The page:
October 30, 2023
Justina D. Thompson is based in Philadelphia, pre-colonially known as Lenapehoking. She is an Earth steward and storyteller as well as a Program Strategist for Environmental Justice in the City of Philadelphia’s Office of Sustainability and a HUB Coordinator for Black Girl Environmentalist. Read her spotlight below!
What communities are you most accountable to?
I am accountable to my ancestors and descendants that are currently beyond this realm. I am accountable to non-human kin that support my thriving on this land. I am accountable to native Philadelphians and their lived experiences, especially Black residents, Black youth, and Black elders! In my work I strive in humble servitude to these communities so that they can experience just futures rooted in harmonious relationship with each other and Earth.
In a few sentences, what would you like to share about yourself and your journey/personal connection to community-driven planning?
I really love what I do! A dear mentor of mine once told me I was meant to be a bridge in the career work I’d do, and I feel that I’m serving in that role! To strategically use my positionality in city government to not only facilitate resident-led decision making, but also funnel municipal dollars into community projects while building new relationships and connections, it feels so magical! I think it takes a lot of reflection to understand aspects of our privilege, including palatability and positionality. As a big queer black woman, who is also a 4th generation college-graduate* with an ivy league graduate degree, and city government job, I sit at a whole lot of intersections! And it is not a light lift to move through them with care and responsibility, but I try my best every day! I lean into this complex web of being as I communicate across communities, and have been nourished by the opportunity to use this as guide when planning with communities for their desired futures.
*Some of my grandmothers finished school and others started!
In a few sentences, can you share about a current community-based project you are working on? (What is your vision? What are some of your goals? How are you co-designing the community-driven planning process with community members?)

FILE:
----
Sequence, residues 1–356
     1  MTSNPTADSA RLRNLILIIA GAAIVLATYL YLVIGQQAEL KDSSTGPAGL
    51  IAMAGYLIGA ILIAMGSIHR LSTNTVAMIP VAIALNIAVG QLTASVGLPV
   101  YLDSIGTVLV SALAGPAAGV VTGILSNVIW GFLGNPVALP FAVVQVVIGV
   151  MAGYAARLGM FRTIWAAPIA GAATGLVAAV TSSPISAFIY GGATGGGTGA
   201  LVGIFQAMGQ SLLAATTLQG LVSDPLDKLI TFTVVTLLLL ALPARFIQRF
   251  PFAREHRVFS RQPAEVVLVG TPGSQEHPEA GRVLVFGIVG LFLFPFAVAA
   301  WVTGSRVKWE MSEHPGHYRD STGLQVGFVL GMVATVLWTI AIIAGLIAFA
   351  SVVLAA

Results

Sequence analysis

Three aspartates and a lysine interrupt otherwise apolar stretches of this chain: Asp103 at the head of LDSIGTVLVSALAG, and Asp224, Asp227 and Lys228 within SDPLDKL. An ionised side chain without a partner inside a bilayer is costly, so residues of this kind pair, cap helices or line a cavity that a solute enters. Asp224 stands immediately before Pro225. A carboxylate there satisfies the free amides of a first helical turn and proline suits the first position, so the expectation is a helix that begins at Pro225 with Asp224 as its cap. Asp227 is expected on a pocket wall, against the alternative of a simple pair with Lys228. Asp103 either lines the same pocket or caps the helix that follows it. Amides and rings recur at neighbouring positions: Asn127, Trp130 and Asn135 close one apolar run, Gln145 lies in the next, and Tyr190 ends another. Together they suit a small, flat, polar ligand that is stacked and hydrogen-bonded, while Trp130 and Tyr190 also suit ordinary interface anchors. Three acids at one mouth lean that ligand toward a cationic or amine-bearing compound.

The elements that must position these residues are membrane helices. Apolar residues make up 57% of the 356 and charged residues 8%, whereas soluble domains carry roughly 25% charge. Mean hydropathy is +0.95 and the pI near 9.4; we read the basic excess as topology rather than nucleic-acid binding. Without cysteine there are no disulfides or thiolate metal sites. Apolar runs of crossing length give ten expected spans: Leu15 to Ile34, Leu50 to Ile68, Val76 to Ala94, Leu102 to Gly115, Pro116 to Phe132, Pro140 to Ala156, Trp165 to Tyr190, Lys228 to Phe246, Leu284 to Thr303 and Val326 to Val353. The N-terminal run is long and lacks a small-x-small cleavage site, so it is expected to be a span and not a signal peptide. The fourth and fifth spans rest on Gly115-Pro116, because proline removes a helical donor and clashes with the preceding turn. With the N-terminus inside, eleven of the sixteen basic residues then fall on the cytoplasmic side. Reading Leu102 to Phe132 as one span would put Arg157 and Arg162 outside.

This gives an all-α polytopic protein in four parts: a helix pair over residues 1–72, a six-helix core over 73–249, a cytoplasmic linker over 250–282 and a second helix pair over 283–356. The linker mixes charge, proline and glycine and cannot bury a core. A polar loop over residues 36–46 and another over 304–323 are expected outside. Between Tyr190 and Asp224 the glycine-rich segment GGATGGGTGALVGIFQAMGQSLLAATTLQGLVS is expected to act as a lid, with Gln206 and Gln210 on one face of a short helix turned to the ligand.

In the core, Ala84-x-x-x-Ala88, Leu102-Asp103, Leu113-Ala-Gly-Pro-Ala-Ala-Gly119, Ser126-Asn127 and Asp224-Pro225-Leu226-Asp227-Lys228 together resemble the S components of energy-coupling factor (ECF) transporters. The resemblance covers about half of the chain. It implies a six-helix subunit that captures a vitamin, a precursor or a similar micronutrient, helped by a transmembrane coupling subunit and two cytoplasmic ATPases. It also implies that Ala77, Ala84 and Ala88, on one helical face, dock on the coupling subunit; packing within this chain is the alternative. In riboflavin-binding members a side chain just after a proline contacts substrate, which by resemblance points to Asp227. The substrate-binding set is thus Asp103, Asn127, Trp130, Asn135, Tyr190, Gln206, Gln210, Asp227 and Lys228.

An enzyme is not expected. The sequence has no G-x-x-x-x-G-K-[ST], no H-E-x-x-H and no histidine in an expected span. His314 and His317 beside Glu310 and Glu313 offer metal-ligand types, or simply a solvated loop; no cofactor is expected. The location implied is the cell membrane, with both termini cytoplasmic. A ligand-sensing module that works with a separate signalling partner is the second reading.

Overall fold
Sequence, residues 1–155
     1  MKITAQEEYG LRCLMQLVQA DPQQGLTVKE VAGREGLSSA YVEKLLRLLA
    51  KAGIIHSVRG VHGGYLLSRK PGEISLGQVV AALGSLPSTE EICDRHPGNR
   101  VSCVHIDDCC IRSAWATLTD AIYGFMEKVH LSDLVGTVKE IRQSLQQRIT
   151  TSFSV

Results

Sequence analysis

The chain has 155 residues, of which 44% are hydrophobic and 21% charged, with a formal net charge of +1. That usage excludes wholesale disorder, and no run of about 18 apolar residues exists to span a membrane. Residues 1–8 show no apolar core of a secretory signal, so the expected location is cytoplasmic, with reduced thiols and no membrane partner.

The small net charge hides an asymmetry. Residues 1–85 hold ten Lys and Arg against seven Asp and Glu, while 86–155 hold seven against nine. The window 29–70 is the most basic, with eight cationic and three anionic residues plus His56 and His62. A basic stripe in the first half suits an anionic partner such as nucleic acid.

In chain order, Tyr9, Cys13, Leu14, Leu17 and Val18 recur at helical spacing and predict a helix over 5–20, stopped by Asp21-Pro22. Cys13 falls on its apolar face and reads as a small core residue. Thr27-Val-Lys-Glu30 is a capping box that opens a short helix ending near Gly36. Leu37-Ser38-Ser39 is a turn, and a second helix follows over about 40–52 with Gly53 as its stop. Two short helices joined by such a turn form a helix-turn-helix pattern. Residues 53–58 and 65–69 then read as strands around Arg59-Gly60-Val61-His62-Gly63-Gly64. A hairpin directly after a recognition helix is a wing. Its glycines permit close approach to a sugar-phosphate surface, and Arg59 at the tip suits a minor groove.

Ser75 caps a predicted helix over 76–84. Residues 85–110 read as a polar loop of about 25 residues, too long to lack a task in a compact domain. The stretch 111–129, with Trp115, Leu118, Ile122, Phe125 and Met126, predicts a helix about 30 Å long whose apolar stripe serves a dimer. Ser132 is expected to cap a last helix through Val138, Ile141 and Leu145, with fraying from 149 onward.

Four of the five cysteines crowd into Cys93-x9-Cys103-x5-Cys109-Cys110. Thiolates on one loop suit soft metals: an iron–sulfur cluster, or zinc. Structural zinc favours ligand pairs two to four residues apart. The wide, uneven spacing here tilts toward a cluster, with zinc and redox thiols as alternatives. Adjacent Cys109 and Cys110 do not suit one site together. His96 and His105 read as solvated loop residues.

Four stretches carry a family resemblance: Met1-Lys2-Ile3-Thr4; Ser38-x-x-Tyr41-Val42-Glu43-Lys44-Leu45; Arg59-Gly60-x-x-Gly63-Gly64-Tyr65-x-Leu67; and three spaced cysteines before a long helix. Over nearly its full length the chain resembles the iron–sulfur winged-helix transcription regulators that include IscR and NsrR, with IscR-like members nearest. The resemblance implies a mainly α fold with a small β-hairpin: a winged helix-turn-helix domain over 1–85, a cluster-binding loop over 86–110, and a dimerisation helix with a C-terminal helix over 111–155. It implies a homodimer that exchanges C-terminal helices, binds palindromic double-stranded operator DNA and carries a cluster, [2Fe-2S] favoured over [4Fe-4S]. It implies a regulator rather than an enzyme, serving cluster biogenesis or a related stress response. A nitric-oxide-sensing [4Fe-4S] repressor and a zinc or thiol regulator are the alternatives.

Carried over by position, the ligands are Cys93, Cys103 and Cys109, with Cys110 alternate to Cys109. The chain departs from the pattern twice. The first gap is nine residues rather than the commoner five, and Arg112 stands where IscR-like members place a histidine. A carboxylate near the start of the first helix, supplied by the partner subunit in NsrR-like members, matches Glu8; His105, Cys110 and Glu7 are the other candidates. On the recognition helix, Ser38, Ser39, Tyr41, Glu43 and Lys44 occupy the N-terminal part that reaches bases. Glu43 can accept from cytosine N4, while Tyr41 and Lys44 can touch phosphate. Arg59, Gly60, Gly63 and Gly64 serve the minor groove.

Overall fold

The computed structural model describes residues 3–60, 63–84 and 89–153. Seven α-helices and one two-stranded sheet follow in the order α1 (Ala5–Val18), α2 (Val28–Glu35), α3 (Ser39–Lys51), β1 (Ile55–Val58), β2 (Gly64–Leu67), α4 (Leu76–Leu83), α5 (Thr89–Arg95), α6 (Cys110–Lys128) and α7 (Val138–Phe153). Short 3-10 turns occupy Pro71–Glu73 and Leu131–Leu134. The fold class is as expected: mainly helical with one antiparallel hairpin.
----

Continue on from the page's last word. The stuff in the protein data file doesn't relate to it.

In my role with the City of Philadelphia, I support our resident-led Environmental Justice Advisory Commission (named PEJAC) in their operations! Within their operating structure, their Grant Fund Working Group has poured tremendous effort and care into a Community Resilience and Environmental Justice Fund over the past few months. From designing the application to co-hosting information sessions, reviewing applications and participating in decision days, this working group in collaboration with the city is now able to award 15 $10,000 grants to community organizations working to advance environmental justice in the City of Philadelphia.
The working group’s vision was to make this process feel accessible and supportive, take risks on funding organizations who may otherwise be overlooked, and specifically invest in youth leadership and development, as they understand this to be crucial in sustaining a shift in environmental justice work.
My role here was primarily as an administrative/data manager and facilitator, but this is the bridge work and capacity building that is essential for government partners to play when it comes to amplifying the impact that communities are already making, especially when it comes to environmental justice.
Lastly, in a few sentences, what does being part of the NACRP network/community mean to you?
Where do I even begin?!?! First, so much love and gratitude to the folks I’ve held space with! Discussing, laughing, grounding, reflecting, singing, and moving together over has been joyous and nourishing for my soul! Being a part of this community sets a standard for doing racial and climate justice work where it is grounded in love, care, accessibility, community, and joy! Doing the work together with these peers feels like the bouncy house you need when something needs to be released or replenished as we’re doing this very intensive work! This space reminds us that the work is personal, and that’s why we do it, and that’s why we have to care for each other through it. A space to make all of these things explicit has been so valuable and I can’t wait to see how it continues to grow and transform our communities!